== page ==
And also hopefully that they liked the actual story that we put in the game.
Was Tacoma easier or harder because you had already made Gone Home?
Harder, for sure. We weren’t just making more Gone Home, but we didn’t know what shape that was, for a while. It’s a layer on top of the foundation that we built with Gone Home. But we can’t rely on a real world time period. We’re making up the fictional universe of 70 years from now. What do the aesthetics look like? What does the station look like? What do the objects that you’re finding look like? We can’t just look at pictures of old Victorian houses and old Sears catalogs from the ’90s and say, “It looks like that.” We have to figure that stuff out. There was a lot less that we could rely on and a lot more that we had to create, both in the design and in the fictional and visual space.
And you were in a serious car accident during development?
Motorbike accident. My wife was in a wheelchair for a while, and I was on crutches and on a cane for a while. We’re better now. Both of us survived it. But we came real close. Gone Home, the development, relatively speaking, went so smoothly. We lived cheaply. We made the game that we thought we wanted to make - just made it, released it, it got a big response and was a success for us. Throughout Gone Home’s development, none of us had health insurance. Because we were all just like, “Well, that’s expensive. We can just cut that out.” And everybody was fine.
Very soon afterward, my wife and I get into a serious automotive accident. We had just bought health insurance a few months earlier. The contrast of, “Oh, Gone Home went so smoothly, you’re starting your second project, huh? How about you spend some time in the hospital? We’ll see how smoothly this one’s going to go.”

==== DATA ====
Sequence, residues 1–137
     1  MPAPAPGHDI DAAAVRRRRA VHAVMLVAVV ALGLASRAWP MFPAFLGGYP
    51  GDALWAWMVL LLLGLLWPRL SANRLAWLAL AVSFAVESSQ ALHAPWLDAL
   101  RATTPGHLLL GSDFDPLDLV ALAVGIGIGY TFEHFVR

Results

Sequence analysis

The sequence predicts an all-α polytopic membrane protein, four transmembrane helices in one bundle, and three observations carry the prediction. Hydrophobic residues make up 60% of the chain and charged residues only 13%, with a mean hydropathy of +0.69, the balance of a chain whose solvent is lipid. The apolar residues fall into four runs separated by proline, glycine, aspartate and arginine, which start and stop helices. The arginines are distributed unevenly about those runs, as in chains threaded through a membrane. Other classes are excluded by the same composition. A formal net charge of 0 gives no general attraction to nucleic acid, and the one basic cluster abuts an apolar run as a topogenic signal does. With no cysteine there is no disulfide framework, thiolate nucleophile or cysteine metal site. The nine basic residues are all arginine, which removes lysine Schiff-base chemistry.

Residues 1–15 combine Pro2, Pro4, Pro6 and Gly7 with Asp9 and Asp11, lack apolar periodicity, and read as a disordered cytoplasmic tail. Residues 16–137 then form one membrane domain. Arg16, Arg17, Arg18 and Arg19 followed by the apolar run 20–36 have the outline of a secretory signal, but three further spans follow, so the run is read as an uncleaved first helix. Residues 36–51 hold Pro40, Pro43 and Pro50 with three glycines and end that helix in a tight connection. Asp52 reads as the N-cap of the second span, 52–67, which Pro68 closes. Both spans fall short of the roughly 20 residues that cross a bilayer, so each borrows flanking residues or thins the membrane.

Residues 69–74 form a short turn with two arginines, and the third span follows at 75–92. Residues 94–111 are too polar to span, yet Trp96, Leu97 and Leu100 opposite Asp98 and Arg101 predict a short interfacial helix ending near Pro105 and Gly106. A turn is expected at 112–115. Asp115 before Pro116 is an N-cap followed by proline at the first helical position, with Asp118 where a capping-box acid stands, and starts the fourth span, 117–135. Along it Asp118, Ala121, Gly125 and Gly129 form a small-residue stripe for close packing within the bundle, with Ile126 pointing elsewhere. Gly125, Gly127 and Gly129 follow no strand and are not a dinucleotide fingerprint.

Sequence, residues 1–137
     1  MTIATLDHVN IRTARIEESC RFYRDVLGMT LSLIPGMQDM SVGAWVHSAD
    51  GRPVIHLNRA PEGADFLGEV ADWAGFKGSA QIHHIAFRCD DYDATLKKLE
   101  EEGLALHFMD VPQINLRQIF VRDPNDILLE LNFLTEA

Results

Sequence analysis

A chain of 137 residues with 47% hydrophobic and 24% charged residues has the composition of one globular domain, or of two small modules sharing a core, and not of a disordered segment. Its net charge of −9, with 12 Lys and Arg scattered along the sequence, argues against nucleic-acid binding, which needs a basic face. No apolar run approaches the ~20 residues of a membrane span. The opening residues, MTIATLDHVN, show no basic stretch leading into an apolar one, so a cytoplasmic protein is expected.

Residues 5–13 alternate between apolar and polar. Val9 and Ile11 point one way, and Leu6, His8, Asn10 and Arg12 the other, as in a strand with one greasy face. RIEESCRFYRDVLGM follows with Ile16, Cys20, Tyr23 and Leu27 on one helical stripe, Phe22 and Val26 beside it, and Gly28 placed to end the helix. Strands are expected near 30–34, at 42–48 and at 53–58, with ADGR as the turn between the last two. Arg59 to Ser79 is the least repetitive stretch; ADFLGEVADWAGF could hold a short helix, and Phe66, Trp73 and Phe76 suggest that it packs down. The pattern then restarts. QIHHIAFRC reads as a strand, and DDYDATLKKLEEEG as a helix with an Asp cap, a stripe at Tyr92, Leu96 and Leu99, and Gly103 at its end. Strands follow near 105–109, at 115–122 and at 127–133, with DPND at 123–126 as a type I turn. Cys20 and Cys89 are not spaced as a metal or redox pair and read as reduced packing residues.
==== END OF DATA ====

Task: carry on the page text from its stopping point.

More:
Tacoma is literally a radio drama in space. And I mean that not just extraterrestrially, but also geographically and architecturally.
It sounds a little haughty, but I’ve thought about how the AR scenes, when you're interacting with them, you’re interacting with them in 4D. You’re thinking about yourself and the characters and what’s happening in terms of space and time, and where you need to be, in order to be where the characters are going to be at a specific point in time. And you’re manipulating all of those factors.
There’s something interesting about parallel narrative. One of my favorite pieces of fiction that has been released in the past few years is Building Stories by Chris Ware. By design, it’s basically a board-game box, and you open it, and it has 16, I think, separate publications inside it. It includes a broadsheet newspaper and a hardback book and a more traditional softback pamphlet and some smaller collections of comic strips. And they all take place surrounding the people who live in this small apartment building. But the stories all take place over, I don’t know, 150 years or more. By design, you’re supposed to be able to read any of those books in any order. What matters is they all add up to the entire picture of all these people’s lives that were connected by this one place. Every time you add something, it’s recontextualizing everything else.